Entrepreneurship & franchising to shape the future

“Recognise us… and the role that we can play in rebuilding the economy.”

That was the mantra that echoed amongst the forty speakers at the Franchise Association of South Africa’s virtual conference held last week. Pertunia Sibanyoni, Chairperson of FASA in her opening said,

“FASA’s virtual conference could not have come at a more crucial time as the business sector reels from not only the extended pandemic but more recently from the devastating fall-out from the recent riots. Everyone in business – whether directly affected or not – will feel the long-term effects of recent events as businesses try to claw their way back to profitability. FASA felt it was time to bring together all stakeholders to disseminate the challenges and changes and, in the words of John F. Kennedy, “ask not what your country can do for you; ask what you can do for your country.”

Over 40 key speakers amongst them scenario planner Clem Sunter, Gareth Ackerman of Pick n Pay, Chairman of Pick n Pay, Frans van der Colff, fellow of the Henley School of business, franchise stalwart Eric Parker of Franchising Plus, allied associations and franchisors in various sectors spoke with one voice to say to the government that if South Africa was to successfully recover from the ravages of the past year and a half, it needed to recognise that entrepreneurship, small business and franchising were the keys to unlocking future growth.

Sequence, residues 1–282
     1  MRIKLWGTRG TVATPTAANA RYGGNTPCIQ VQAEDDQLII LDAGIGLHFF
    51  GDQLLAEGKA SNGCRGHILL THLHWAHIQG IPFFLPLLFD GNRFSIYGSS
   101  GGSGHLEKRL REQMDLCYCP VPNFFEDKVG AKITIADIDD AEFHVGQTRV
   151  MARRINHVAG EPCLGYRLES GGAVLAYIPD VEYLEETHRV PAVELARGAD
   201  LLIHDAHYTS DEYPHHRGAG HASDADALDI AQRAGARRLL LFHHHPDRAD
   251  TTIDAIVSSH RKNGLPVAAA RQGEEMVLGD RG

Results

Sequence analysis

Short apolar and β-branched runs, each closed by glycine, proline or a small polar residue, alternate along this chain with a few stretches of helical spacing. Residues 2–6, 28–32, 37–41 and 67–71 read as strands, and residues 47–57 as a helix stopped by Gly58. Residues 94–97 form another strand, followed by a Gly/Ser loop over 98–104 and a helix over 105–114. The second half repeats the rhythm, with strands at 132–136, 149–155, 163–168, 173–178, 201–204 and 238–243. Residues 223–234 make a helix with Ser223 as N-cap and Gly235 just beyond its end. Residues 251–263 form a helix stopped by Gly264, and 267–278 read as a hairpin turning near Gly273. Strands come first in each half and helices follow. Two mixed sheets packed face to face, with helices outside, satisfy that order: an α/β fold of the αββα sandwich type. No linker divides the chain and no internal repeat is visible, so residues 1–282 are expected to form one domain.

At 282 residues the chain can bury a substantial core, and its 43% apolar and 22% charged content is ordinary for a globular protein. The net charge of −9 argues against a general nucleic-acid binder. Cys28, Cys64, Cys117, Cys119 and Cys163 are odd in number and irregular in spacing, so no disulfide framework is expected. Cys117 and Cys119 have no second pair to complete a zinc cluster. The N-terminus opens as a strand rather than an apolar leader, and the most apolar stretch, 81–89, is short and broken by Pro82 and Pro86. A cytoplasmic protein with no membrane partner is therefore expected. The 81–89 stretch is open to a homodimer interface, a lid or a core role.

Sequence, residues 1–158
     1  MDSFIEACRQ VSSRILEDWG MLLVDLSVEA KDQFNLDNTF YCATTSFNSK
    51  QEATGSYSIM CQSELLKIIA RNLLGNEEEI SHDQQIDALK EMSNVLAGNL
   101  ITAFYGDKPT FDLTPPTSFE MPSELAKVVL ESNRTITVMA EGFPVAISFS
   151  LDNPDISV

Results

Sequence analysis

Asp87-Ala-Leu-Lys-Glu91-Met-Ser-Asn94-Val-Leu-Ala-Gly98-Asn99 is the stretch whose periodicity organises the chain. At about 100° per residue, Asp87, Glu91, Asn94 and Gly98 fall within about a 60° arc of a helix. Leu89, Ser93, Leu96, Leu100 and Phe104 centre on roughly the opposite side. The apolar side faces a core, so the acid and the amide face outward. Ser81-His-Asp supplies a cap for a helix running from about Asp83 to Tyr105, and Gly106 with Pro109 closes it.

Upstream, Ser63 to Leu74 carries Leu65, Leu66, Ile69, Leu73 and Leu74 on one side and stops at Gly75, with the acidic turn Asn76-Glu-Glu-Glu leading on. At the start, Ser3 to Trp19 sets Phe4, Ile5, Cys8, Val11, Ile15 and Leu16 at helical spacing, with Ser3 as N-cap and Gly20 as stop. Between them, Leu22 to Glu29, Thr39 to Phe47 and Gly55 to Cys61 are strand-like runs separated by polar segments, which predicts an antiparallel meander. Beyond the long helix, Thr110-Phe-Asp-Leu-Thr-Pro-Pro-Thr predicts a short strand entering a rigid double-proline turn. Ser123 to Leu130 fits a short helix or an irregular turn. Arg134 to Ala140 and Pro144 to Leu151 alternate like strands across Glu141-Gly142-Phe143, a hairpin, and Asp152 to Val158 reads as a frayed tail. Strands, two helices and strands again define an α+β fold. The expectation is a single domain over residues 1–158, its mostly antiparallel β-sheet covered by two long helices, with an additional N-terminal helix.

“Going forward, everyone must understand that government cannot provide those much needed jobs.” says Frans van der Colff, fellow at the Henley School of Business.  “Neither can big business, which is beholden to its shareholders and on a new path of restructuring to fit into the norms of the 4th Industrial Revolution. What is needed is a mechanism that creates opportunities, especially for young people, with the correct mentorship, education and training. Franchising, which spans every business sector imaginable and has those fundamental structures in place, is the one mechanism that can do just that.”

To this end, speakers were united in calling for an entrepreneurial forum, spearheaded by FASA that would bring together government, corporate companies, entrepreneurs and scenario planners to formulate plans to create new businesses that will give opportunities to entrepreneurs to set up viable businesses and create much needed employment.

According to scenario planner Clem Sunter, franchising is the ideal mechanism to do this and FASA the perfect vehicle through which ethical business practices can flourish.

“We need to think outside the box, create an ‘e-stock exchange’ where entrepreneurs can crowd fund for their ventures, bring in the banks to set up accessible small business loans, get big business to dedicate a percentage of their supply chain to small business and ultimately merge the township economy into the mainstream economy. But, underpinning all this is doing this within the framework of ethical business practices. Franchising has all those checks and balances in place to take some of the risk out of people starting businesses.”

Echoing these sentiments were speakers from the four business sectors that were highlighted at the conference – those from the Restaurant & QSR Sector, Services Sector, FMCG Sector and the Automotive Sector – who all agreed that the future success of their sectors lay very much in their own hands as collectives.

This was made even more evident following the horrific riots and looting that, whilst putting into focus the desperate needs of the population, also highlighted the inadequacies and apathy of government to acknowledge and protect the businesses that keep the wheels of the economy turning.